Ashburnham Triangle

Ashburnham Triangle, Greenwich

A conservation area in south-west Greenwich, consisting of nine original streets and some later cul-de-sacs, bounded by Greenwich South Street, Blackheath Road and Greenwich High Road

Hidden London: Guildford Grove by Stephen Craven

John Ashburnham – who came from a Sussex family of “stupen­dous antiquity” – acquired the land here as part of a substan­tial inher­i­tance in 1755.

His new set of posses­sions included the Chocolate House, which stood on the brow of Black­heath and had gained its name from tastings of drinking chocolate held there when the beverage first came into fashion.

The Chocolate House was unimag­i­na­tively renamed Ashburnham House in 1820. From around this time the family laid out streets and housing to the north-west of South Street, with the scheme gaining full momentum nearer the middle of the 19th century.

Much of the little estate consisted of tasteful stuccoed terraces, together with several pubs, including the Guildford Arms and the Ashburnham Arms, nowadays known locally as ‘the Ash’.

In the 1880s the Ashburnham family began to sell off the estate in stages and Ashburnham House was demol­ished to make way for further devel­op­ment. Black­heath high school opened on Catherine Grove in 1904. The school was converted to apart­ments just under a century later and three new houses were built in the former playground.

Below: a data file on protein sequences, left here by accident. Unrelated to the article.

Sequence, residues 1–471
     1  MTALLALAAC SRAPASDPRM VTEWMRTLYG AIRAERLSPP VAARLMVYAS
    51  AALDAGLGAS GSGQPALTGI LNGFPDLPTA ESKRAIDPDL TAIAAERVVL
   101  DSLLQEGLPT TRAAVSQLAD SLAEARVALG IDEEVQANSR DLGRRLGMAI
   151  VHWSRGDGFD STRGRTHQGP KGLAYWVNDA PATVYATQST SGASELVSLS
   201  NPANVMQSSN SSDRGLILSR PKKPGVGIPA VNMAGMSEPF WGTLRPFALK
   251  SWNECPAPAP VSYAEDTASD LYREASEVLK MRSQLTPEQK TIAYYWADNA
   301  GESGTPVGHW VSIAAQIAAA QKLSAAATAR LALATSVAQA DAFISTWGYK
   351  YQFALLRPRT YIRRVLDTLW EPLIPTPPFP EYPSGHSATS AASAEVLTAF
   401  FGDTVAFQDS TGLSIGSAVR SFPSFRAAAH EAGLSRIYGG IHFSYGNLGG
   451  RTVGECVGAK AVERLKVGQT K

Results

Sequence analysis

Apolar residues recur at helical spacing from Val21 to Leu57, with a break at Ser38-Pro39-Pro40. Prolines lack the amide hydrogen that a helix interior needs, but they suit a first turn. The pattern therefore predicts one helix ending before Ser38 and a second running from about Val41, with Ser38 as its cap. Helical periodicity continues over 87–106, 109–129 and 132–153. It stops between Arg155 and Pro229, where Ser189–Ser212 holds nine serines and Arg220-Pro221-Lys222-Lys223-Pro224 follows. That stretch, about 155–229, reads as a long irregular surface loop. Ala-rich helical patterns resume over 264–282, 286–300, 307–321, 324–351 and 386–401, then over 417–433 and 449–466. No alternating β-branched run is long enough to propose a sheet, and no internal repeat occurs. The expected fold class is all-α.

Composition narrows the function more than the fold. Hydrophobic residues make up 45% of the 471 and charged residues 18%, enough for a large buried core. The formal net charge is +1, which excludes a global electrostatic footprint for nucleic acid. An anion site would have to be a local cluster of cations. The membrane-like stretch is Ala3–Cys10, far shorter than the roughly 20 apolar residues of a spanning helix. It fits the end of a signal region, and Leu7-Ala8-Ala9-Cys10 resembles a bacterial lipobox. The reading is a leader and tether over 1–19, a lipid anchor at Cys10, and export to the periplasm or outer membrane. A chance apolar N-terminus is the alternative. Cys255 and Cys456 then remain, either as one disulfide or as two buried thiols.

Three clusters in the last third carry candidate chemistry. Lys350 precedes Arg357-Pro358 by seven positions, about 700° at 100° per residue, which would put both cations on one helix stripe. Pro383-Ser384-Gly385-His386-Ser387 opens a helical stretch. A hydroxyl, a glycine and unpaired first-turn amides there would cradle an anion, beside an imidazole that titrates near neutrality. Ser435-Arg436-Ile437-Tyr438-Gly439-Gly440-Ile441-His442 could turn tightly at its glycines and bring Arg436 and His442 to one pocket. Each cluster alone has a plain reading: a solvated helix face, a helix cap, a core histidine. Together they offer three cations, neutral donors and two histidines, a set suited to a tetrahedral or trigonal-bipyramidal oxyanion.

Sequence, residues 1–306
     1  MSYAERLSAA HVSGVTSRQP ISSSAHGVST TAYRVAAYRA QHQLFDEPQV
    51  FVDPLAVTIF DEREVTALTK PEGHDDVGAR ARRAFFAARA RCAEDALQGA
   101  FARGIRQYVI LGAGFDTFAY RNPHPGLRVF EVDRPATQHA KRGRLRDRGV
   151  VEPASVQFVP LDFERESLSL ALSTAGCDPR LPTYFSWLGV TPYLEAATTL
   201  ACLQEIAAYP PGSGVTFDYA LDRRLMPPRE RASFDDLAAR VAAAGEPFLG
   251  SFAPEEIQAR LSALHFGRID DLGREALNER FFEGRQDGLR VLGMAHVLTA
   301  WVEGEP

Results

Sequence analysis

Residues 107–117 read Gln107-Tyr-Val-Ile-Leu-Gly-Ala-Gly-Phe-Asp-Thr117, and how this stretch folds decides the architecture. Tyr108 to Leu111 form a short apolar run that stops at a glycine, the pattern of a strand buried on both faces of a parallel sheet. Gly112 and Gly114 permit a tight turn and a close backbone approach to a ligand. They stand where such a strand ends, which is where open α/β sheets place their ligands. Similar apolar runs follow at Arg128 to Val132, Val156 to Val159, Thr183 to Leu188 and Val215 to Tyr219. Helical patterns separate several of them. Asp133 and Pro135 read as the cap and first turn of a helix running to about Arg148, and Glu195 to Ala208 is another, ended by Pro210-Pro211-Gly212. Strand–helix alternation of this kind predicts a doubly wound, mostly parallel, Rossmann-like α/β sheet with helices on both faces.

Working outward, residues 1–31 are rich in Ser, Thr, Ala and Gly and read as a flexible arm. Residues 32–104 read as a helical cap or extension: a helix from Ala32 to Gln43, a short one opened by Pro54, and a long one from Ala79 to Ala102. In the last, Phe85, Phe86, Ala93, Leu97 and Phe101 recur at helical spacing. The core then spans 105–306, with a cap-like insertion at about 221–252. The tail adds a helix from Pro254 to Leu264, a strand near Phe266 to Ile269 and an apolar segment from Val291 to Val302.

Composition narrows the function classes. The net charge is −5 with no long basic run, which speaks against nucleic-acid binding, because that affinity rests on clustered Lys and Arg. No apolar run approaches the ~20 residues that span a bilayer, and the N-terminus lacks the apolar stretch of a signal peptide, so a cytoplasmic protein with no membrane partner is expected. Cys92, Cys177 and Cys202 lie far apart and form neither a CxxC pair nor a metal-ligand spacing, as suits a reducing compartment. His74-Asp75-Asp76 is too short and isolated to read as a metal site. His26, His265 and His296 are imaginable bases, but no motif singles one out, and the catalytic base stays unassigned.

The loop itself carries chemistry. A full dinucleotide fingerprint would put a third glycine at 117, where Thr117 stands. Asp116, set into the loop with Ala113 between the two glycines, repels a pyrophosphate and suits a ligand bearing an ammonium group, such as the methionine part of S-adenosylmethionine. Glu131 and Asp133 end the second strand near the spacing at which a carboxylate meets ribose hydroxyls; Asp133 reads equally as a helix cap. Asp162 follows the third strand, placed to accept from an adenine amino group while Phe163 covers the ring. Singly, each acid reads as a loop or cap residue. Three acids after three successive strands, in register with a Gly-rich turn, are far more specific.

Most of the Ashburnham Triangle’s original housing has survived unspoilt, although the enclave was one of last conser­va­tion areas to be desig­nated in Greenwich. The Greenwich Forge, at 62 Guildford Grove, is a wrought iron worker and black­smith. On Catherine Grove, Maurice Drummond House, formerly an accom­mo­da­tion block for Metro­pol­itan Police officers, has become a Hilton hotel.

Thriller writer Edgar Wallace was born in 1875 at 7 Ashburnham Grove, which now displays an unofficial plaque. Wallace’s unmarried, show business parents offered him up for adoption when he was only nine days old.

Postal district: SE10
Website: The Ashburnham Triangle Association
Further reading: Diana Rimel, Ashburnham Triangle, Ashburnham Triangle Association, 1994, updated 2009
* The pictures of Guildford Grove at the top of this page is modified from an original photograph, copyright Stephen Craven, at Geograph Britain and Ireland and made available under the Attribution-ShareAlike 2.0 Generic Licence. Any subsequent reuse is freely permitted under the terms of that licence.